Trial and error, then, is a necessary part of the printing process because errors only become visible once one has tried to print a document. Consequently, extant printed documents exist in various states, as printers correct as they proceed or, aggravatingly, introduce more errors to be corrected subsequently, once a document has been proofed at a later stage. Furthermore, a mistake such as raised letters illustrates the bond between human and machine that can be alternately productive and destructive, as the same hands and arms that place the type can brush up against individual letters, cajoling them higher in the forme so that they blot out a whole word or more during the next step of the printing process. Once the press itself enters the fray, the printing process quite simply becomes a more complicated procedure, as the press itself operates idiosyncratically and imperfectly, introducing errata. The printing process is subject to chance in part because of the number of people required to set up and work a press, a collection of workers that would have operated as a household in the sixteenth and early-seventeenth centuries. As Kris McAbee and Jessica Murphy point out in their essay “Ballad Creation and Circulation: Congers and Mongers,” such a household was visible at the nominal level of ballad creation, partly due to the naming structure that deemed a print business to be a “printing house.” McAbee and Murphy elaborate on this name, noting that “[p]rinting houses were run by the print master, often called ‘father,’ and required a veritable ‘family’ of workers.” One set of workers was the compositors, who filled the composing sticks and then loaded the “galley,” or the tray onto which the type was moved, worked with the type but did not interact with the press beyond unloading the letters. Making up the rest of the family were the “pressmen, who often worked in pairs because the forme, which held all of the galleys for a given printing, was very heavy, and a lot of force was required to press the ink onto the paper; and proofreaders, who made corrections as the sheets came off the presses.” The specialized roles that these individuals performed speak to the very particularized set of tasks and skills that each step of the process would require; it also suggests that many hands were involved in the production of a broadside ballad, each able to introduce errors.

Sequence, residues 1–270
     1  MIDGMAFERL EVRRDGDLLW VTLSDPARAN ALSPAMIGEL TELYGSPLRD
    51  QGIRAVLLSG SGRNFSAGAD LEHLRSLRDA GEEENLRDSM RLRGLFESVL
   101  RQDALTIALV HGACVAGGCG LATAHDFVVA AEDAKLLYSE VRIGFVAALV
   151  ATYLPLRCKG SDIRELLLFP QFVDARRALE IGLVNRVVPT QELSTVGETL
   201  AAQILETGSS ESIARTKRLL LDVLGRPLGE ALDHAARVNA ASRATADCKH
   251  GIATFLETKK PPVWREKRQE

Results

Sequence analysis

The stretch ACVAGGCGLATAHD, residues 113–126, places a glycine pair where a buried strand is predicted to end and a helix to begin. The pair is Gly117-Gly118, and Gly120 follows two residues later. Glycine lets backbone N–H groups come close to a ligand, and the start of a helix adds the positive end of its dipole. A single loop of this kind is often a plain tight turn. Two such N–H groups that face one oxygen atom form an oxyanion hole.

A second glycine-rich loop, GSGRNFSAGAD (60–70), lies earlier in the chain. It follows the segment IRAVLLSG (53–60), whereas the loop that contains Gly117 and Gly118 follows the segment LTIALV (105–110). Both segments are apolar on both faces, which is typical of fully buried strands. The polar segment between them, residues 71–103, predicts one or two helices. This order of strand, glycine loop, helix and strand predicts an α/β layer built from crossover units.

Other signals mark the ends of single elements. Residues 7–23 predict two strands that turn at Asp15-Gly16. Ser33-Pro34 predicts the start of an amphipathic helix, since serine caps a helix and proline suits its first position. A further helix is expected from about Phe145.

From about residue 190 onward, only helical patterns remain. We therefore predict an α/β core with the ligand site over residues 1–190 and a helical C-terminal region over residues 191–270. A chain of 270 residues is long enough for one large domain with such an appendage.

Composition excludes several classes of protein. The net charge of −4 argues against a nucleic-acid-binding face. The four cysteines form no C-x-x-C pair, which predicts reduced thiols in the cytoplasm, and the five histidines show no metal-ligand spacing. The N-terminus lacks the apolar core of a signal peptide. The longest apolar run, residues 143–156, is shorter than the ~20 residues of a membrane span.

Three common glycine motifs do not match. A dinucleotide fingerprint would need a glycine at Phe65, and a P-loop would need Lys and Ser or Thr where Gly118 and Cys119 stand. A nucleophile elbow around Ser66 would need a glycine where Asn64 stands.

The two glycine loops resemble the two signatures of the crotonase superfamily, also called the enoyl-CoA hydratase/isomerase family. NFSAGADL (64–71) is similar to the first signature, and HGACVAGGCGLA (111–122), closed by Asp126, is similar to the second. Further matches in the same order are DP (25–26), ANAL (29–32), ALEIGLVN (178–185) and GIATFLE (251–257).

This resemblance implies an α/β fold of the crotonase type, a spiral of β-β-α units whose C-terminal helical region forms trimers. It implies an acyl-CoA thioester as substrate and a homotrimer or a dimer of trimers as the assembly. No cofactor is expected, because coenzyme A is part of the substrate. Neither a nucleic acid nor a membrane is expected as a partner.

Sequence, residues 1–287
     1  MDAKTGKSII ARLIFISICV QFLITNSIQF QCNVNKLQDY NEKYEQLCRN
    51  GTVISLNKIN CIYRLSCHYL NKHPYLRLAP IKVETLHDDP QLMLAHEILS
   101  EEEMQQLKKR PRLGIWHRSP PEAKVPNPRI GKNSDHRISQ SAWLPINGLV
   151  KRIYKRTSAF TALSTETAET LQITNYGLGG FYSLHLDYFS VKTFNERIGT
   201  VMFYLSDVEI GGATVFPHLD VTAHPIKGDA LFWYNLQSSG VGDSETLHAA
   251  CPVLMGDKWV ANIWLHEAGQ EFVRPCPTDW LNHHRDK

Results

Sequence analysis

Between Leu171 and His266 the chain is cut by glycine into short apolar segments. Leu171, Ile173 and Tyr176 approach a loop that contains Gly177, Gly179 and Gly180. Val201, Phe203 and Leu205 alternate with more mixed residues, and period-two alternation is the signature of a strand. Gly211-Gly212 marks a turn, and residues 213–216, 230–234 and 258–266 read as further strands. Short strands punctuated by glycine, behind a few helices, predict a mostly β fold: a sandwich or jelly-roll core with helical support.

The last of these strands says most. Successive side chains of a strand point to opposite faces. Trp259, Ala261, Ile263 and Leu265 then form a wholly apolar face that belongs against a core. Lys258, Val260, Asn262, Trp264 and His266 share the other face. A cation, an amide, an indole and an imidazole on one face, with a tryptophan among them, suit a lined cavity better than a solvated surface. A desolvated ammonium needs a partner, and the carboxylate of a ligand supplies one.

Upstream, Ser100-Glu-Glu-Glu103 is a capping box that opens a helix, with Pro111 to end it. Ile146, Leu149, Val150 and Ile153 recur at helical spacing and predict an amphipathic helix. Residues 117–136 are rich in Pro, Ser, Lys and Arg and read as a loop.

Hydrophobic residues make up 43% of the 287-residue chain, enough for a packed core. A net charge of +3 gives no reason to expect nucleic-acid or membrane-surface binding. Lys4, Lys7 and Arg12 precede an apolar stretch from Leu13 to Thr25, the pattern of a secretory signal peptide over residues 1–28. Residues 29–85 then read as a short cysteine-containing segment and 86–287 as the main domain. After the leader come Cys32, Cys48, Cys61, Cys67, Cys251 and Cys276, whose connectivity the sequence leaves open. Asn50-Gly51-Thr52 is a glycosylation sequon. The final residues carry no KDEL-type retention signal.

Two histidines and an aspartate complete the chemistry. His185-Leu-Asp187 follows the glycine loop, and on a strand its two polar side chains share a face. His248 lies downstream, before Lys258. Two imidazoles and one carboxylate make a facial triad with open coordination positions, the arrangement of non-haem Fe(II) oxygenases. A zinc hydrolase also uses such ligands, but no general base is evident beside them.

Our printing “family” at work: typesetting, printing, and proofing. (Photos: Zach Horton)
The interplay of humans and machines, however, meant that even the most prepared printers could not always account for contingencies at play during the printing process. Apart from type and typesetting errors, the woodcuts featuring illustrations also introduce the opportunity for error because they are moving parts in a machine that requires stability to work well. Two specific features of woodcuts lead to printing mistakes. First, the piece of wood itself is often a source of trouble: small and either square or rectangular, the wood block is prone to warping over time as it dries out and grows moist in different environments, expanding and contracting and transforming the fibrous bonds that hold it together. Or the wood might not have been even to begin with: cut poorly, a block might rise too high and block the inking of adjacent letters or images, or it might sit too low and remain un-pressed. Should the wood swell or otherwise warp, or should the wood be poorly cut, the ballad will be misprint. As seen below, we faced this problem when we dealt with a wood block that was very slightly mis-cut:

Though the woodblocks may seem even, the ink upon the paper tells a different story. Here you can see Erik Bell’s woodcut on the bed in the first image. Only after the print did we see that the wood block was warped, which meant the title, "Long Syne," was misprinted. (Photos: Zach Horton)